In some modern roleplaying games, especially games based on FATE rules, character creation is something one player can’t do on his own. In order to create your character you have to cooperate with your fellow players. The character creation method in FATE makes sure the background stories of the player characters are already intertwined in some way. The GM (and the players) will never have to face the issue of the dreaded “team of loners” that have no reason to cooperate.
Another game that makes cooperative character creation necessary is the latest edition of the Warhammer Fantasy Roleplay game. In that game each party has to chose why they are working together (there’s a limited number of choices) and each party type grants certain abilities. There’s even a mechanic for handling in-party stress.
What I’ve learned in my years of roleplaying experience is, that a game definitely profits when the first session of a new game consists of character creation and coming up with a reason of why these characters work together. And in my opinion game masters should make it clear that the characters are supposed to cooperate. In-party intrigue and infighting may be fun once in a while, but when the party members are on each other’s throats all the time, it has usually an detrimental effect on any game.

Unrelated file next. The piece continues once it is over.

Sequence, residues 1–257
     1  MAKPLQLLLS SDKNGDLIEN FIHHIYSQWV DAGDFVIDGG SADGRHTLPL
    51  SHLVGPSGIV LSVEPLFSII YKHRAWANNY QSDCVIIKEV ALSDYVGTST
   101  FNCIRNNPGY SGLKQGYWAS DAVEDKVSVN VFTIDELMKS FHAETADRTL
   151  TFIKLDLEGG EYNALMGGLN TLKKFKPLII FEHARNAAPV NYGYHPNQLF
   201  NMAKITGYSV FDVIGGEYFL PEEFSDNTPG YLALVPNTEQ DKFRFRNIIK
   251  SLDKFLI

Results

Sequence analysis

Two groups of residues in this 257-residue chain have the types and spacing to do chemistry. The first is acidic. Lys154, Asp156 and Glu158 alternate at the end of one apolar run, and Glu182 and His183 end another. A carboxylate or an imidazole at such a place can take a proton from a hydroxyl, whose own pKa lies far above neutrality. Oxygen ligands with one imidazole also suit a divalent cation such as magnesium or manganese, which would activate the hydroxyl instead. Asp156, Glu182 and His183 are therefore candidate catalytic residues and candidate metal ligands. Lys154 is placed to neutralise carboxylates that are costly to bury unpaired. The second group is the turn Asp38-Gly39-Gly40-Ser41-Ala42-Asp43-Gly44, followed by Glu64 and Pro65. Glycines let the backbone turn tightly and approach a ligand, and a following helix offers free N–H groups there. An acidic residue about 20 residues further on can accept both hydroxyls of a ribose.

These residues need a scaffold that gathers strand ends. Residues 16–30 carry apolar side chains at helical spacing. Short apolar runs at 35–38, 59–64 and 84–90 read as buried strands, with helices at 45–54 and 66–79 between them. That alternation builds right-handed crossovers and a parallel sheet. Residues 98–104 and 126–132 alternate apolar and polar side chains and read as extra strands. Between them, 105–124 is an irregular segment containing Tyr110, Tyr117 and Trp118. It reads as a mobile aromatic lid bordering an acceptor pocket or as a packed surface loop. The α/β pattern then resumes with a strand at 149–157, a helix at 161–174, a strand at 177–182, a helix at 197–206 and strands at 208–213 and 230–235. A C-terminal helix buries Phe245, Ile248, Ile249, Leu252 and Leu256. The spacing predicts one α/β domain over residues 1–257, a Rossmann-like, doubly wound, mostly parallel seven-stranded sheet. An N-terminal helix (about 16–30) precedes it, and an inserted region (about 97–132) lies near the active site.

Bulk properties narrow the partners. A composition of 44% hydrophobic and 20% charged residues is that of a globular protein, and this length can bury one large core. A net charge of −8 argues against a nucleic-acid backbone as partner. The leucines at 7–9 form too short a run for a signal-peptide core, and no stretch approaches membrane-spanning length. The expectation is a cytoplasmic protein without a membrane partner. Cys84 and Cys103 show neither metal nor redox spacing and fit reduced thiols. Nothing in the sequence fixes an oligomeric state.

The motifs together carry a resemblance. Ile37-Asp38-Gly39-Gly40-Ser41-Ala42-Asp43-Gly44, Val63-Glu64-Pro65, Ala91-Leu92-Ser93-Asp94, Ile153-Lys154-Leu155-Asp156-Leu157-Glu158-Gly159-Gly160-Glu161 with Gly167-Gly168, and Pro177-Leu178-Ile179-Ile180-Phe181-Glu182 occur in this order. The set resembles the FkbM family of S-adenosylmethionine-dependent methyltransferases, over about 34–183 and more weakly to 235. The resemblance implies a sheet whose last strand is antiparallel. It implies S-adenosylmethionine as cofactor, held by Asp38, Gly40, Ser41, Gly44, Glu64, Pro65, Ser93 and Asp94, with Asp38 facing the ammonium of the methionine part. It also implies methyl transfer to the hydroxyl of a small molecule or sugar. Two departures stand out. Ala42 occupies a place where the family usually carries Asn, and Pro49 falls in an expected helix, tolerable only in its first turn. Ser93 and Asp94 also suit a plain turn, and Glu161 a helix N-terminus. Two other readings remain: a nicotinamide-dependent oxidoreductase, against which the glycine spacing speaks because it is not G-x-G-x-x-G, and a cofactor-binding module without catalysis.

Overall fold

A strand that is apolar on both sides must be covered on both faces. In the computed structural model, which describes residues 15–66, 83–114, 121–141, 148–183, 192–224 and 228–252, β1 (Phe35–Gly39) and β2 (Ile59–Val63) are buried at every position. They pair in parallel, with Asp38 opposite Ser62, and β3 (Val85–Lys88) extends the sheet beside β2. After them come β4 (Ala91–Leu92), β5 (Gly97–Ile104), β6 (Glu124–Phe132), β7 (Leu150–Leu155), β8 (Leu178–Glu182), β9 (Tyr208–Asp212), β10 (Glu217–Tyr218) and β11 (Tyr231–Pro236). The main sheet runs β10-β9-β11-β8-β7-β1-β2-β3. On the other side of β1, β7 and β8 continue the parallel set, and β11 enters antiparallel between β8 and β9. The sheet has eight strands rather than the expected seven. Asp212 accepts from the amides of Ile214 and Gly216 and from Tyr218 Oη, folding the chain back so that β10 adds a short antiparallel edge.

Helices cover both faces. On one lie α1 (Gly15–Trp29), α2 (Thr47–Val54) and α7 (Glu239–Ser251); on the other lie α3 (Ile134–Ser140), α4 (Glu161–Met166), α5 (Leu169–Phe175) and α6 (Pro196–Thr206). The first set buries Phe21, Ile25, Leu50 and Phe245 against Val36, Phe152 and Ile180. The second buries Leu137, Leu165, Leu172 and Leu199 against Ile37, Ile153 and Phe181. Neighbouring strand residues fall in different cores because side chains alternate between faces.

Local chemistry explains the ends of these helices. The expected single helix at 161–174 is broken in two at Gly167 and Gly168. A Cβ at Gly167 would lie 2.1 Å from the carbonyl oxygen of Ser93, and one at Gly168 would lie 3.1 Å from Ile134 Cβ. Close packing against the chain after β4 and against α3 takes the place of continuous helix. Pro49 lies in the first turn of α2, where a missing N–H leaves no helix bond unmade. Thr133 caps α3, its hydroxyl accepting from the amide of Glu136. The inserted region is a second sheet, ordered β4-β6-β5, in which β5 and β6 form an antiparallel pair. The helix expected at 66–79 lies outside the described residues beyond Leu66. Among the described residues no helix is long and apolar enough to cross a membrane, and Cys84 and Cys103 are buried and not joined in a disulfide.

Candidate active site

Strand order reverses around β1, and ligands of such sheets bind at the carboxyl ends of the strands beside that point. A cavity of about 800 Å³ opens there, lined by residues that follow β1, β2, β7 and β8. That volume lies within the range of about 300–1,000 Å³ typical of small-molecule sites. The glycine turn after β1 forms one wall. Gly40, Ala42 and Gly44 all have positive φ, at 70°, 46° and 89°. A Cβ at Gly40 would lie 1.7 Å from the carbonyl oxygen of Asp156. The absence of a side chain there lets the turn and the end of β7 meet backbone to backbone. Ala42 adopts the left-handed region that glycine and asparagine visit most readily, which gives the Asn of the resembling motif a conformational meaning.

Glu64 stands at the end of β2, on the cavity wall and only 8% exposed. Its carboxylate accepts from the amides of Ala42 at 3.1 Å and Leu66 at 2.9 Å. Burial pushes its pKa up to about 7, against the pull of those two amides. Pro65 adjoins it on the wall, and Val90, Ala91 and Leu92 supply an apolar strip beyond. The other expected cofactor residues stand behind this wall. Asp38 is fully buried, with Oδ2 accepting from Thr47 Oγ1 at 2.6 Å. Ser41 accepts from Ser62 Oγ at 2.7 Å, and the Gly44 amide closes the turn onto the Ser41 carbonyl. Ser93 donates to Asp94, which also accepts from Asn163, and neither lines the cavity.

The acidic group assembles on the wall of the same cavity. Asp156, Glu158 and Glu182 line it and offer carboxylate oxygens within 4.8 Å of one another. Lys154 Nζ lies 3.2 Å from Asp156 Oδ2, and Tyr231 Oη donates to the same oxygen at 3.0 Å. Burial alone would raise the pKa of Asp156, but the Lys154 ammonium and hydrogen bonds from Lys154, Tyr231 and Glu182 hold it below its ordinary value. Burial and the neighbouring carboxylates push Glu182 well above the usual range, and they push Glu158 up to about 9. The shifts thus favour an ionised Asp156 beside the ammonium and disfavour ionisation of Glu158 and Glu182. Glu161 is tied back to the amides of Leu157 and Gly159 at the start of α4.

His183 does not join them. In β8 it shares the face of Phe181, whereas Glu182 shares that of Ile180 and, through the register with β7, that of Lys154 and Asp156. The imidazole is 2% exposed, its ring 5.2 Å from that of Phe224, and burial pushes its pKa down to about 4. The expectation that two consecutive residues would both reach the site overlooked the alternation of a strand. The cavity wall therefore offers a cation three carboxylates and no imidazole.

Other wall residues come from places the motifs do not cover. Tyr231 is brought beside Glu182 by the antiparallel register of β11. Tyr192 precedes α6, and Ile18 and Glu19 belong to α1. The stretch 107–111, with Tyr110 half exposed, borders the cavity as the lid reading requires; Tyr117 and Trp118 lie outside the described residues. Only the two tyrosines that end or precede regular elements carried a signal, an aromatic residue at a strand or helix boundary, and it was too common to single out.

My advice to GMs is, that when you’ve decided what game to run, schedule a character creation session. Talk about what the players have to expect. Then ask the players to discuss their character concepts and make sure each character at least knows one other character in the party. Another possible connections are being a friend of a friend or having the same mentor, patron or enemy. Whatever it is give the players a reason why the would work together. And trust me, forcing the player characters to work together “because the king said so” never works. It’s better when the players come up with something themselves. The GMs role should be to encourage them to think about reasons.
As with all roleplaying advice your mileage may vary, but creating characters as a team effort definitely made things much easier for the players and the GM. If you haven’t done so, give it a try.